It was a classic business slowdown in the early '90's and forced me to look at downsizing my staff. "Laid off due to economic circumstances" may sound better to the individual and look better on his resumé, but it was still a difficult and painful decision. Especially as I had made the committment to never fire anyone in my own company after having lived through the slow decline and never-ending terminations at AES Data right up to my own "departure" a few years earlier.

But I came to realize that the best way to protect the company and the other jobs was to accept the inevitable and reduce costs by lowering the most significant variable expense - staff levels. As a senior executive from AES assured me, "the only way to avoid ever firing anybody is to make perfect hiring decisions, and nobody is that smart".

And he was right. It was also not the last time for me to have people fired, laid off, or terminated and it never gets easier.

I wonder if those CEOs deciding to cut back by 10,000 or 30,000 people take it as personally. Do they actually sit face-to-face with any of those individuals and worry with them about their futures?

It has to be one of the toughest challenges for any entrepreneur or executive. And still a worthy objective to try and avoid any firings. So hire as "perfectly" as you can, then manage well enough to avoid those "economic circumstances" that lead to downsizing.

It may seem like we are getting more done by multitasking but maybe we would be more productive and deliver better results by focusing on one thing at a time.

I'm guilty of needing to keep all my faculties engaged by doing at least two things at once. Reading the paper, eating breakfast, listening to the radio would be typical. On Sunday night I'm switching between doing my blog, watching the hockey game and talking to my son in Vancouver. Probably not focusing adequately on any one of them but feeling productive by doing several things at once.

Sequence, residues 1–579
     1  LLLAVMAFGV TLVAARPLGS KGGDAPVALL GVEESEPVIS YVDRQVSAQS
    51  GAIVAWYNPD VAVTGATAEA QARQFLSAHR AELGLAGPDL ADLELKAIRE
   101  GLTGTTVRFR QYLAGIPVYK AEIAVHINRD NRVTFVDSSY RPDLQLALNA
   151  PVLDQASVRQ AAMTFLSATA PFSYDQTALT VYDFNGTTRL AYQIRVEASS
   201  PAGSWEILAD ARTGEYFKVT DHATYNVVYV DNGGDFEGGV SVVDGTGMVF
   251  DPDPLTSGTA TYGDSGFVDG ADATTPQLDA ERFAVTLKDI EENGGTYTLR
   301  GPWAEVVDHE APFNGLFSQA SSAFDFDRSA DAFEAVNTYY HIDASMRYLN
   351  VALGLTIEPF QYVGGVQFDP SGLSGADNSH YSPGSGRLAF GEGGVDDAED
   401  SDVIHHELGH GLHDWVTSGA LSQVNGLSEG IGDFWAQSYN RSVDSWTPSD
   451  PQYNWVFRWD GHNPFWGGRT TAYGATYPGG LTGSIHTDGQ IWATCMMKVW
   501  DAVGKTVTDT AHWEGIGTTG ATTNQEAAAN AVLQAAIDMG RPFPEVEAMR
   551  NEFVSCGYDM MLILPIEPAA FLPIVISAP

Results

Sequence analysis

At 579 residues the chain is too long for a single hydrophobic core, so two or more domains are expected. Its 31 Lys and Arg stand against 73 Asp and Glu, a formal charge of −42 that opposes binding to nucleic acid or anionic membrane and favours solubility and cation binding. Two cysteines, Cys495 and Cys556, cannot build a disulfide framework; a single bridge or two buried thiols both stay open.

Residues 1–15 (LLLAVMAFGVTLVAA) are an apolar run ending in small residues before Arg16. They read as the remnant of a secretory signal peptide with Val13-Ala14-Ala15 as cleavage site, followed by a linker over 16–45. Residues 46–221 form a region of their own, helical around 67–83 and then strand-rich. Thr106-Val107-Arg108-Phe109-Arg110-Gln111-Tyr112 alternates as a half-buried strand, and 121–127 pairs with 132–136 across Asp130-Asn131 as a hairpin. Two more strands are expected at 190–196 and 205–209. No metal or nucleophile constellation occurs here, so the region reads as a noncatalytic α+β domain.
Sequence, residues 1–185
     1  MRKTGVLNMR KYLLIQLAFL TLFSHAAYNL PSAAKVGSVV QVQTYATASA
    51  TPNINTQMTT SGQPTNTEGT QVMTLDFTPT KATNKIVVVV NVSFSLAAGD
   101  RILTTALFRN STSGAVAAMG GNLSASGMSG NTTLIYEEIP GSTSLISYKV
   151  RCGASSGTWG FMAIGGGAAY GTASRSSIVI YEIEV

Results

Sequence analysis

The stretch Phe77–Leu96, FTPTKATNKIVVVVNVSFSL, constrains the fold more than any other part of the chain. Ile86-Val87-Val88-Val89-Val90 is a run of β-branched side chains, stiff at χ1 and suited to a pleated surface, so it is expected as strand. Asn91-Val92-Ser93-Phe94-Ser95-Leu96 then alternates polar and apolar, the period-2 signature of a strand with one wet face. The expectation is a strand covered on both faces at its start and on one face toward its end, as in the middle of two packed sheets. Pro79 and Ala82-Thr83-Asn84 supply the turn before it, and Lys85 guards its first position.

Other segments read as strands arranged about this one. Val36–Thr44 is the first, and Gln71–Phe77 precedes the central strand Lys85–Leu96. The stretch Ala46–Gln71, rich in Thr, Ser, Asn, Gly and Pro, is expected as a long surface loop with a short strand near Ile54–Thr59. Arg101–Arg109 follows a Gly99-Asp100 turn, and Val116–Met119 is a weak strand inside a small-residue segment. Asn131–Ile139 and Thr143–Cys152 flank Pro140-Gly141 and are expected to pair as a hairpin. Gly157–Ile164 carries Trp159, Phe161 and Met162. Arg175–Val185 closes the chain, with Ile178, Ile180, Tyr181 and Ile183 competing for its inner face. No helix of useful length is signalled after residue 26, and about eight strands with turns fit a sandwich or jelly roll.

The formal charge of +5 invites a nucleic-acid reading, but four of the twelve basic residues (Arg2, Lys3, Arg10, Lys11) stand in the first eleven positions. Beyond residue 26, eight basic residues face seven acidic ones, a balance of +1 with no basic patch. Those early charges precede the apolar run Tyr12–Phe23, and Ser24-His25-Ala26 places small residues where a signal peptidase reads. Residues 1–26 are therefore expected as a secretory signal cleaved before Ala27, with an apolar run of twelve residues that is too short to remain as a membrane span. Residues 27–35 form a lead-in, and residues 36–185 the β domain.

Also working on two interesting books at the same time. Jim Collins "Good to Great" and Henry Mintzberg's "Manager's, Not MBA's". Both have quite controversial and and unconventional points of view. Collins' research on companies that have gone from poor to exceptional performance concludes that none of them brought in celebrity CEOs that made big breakthrough strategic moves. Mintzberg makes a strong case against the value of an MBA for future managers and the damage done by the emphasis on analysis and bold strategic decisions by MBA trained executives. They would both suggest the recent history of HP under Carly Fiorina proves their point. She apparently disagrees.

Can we learn anything good from the celebrity CEOs that get so much attention as visionary leaders with exceptional entrepreneurial skills? I would say yes we can extract some useful ideas from their business strategies and tactics, but their are two important things to remember. First, their unique personalities and skill sets have a lot to do with their success (and their notoriety) and cannot be replicated. Second, their industry and company knowledge and experience may not translate into success in another company. That lesson has been very expensive to learn for many Boards of Directors and Shareholders. Think HP or Home Depot.

That's all for tonight. My battery is dying and Calgary-Detroit are in overtime!